Ten Days in the Madhouse – Nellie Bly (1887)

book239In the late 1880’s, a young journalist called Nellie Bly wanted to make her mark outside the usual writing restrictions accorded to most women journalists back then. (They were usually limited to the Society page and rarely given any hard news to cover.) Her editors at the New York paper The World agreed with her and so she got herself admitted to Blackwell Island (also called Welfare Island, and now called Roosevelt Island) which was America’s first municipal mental hospital. Bly wanted to prove her worth as a journalist and decided to do an expose on the conditions at the hospital and believed only by becoming admitted as a patient could the truth come out.

Charles Dickens had already previously covered conditions here in his American Notes (published in 1842) but they were from the perspective of an outsider and of a foreign traveler. This was the first time that an actual US journalist has been on the inside of the institution. (Blackwell Island has a fascinating history by the way: it was a penitentiary, a workhouse, a smallpox hospital…)

Nellie_BlyPrinted as a series of first-person narrative articles, the resulting coverage was explosive for that time and for Blackwell. Originally intended as a state-of-the-art mental institution “devoted to humane and moral rehabilitation of its patients”, funding had been cut and care had been reduced to bitter and sadistic staff and unsympathetic doctors who simply ascribed any patient claims to sanity (and thus release) as delusional. A very Catch-22 situation for all the female patients who were imprisoned there and with little hope of freedom in their future.

Bly took her project very seriously and prepared deeply for her role as a mental patient: she practiced “looking like a lunatic” in the mirror, she dressed in tattered clothing, and posing as a Cuban immigrant who could not remember her history, Bly checked into a temporary boarding house for poorer women. Within twenty-four hours of pretend irrational behavior, Bly was taken by police to Bellevue Hospital for an evaluation, and then from there, pronounced “delusional and undoubtedly insane”, taken to Blackwell. (Testing was minimal at the time and was subjective and very quick.)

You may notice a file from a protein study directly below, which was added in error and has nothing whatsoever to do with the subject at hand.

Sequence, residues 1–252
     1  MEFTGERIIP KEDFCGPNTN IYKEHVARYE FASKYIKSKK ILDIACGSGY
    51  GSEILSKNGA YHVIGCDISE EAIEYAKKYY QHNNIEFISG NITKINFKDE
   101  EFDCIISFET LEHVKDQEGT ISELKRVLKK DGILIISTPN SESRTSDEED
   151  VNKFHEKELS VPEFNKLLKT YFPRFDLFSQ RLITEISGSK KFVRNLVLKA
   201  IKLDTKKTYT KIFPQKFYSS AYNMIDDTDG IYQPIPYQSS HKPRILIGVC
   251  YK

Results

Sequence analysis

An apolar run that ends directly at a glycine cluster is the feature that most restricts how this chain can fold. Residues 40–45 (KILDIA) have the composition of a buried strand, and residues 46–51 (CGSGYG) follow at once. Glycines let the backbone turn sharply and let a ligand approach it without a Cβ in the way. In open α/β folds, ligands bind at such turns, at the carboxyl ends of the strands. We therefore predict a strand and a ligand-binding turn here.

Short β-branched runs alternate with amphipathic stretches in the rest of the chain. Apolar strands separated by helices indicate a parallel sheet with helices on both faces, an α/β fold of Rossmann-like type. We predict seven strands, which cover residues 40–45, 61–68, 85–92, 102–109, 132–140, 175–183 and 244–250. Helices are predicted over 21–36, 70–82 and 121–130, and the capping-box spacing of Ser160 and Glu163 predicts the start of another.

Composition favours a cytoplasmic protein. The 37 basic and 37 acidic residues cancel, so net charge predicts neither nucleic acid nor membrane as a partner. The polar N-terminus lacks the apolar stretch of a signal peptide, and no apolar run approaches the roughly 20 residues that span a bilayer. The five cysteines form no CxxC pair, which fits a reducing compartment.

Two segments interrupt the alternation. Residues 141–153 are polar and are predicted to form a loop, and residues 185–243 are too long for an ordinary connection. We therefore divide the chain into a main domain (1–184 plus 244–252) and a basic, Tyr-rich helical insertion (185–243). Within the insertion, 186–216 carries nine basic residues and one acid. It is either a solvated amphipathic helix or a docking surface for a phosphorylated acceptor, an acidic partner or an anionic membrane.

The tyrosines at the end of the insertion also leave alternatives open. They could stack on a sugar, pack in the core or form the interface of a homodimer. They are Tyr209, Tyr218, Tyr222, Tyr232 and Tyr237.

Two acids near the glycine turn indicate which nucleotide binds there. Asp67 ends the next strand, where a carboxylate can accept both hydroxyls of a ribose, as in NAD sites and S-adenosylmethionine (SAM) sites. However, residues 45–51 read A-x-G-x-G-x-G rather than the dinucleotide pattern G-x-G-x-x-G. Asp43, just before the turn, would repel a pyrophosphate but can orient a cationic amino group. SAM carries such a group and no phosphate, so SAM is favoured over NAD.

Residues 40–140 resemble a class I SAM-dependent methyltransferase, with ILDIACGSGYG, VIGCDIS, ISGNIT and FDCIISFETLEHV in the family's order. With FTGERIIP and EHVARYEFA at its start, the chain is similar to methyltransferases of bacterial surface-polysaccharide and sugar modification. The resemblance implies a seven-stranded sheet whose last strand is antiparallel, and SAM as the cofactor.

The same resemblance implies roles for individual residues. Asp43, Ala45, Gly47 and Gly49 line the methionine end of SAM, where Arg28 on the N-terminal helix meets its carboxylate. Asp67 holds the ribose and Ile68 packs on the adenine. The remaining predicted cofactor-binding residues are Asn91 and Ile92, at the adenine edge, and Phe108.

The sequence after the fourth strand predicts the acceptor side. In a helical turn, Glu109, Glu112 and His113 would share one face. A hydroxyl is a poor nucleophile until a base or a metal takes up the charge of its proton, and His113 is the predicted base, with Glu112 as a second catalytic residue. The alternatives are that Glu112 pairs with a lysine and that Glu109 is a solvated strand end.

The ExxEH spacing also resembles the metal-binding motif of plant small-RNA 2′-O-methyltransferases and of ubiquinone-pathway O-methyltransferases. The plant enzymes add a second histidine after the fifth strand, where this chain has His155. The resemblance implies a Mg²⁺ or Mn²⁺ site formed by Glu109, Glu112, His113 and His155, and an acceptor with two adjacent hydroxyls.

Bly’s detailed account of her time at Blackwell as a mental patient are harrowing to read about – patients were stripped of clothing in corridors and publicly humiliated by the nursing staff, mandatory cold baths in dirty bath water, and appalling living conditions (little heat, poor nutrition, no activities).

“I looked at the pretty lawns, which I had once thought was such a comfort to the poor creatures confined on the Island, and laughed at my own notions. What enjoyment is it to them? They are not allowed on the grass – it is only to look at. I saw some patients eagerly…lift a nut or a colored leaf on the path. But they were not permitted to keep them. The nurses would always compel them to throw their little bit of God’s comfort away…”

It’s also notable that all the patients were female and mostly poor (some couldn’t speak English) and so were powerless in this system of neglect.

“I have watched patients stand and gaze longingly toward the city they in all likelihood will never enter again. It means liberty and life; it seems so near, and yet heaven is not further than hell.”

Any patient who stood up for herself (and the other patients) or who proclaimed her sanity was invariably labeled delusional and so hospital stays to Blackwell became hamster wheels of no release for nearly all the patients imprisoned there.

Once Bly’s stay was over and she had been formally released by the newspaper’s attorney, the story went public, and one month later, Bly was giving details of her experience to a Grand Jury who then visited the hospital themselves. Prior warnings to the staff had helped to clean up the place and the patients, but Bly’s report lead to recriminations from the hospital doctors and to a fast-tracked funding increase of $1 million (enormous at the time).

This was a fascinating read, and was nicely complimented by my earlier reading of “Mad, Bad, and Sad: A History of Women and the Mind Doctors” by Lisa Appignanesi. (No post on that, but definitely not a reflection on the quality of the book or the author.) The treatment of mental health has come a long way in the past one hundred years or so, and Bly’s work helped to propel some of that change.

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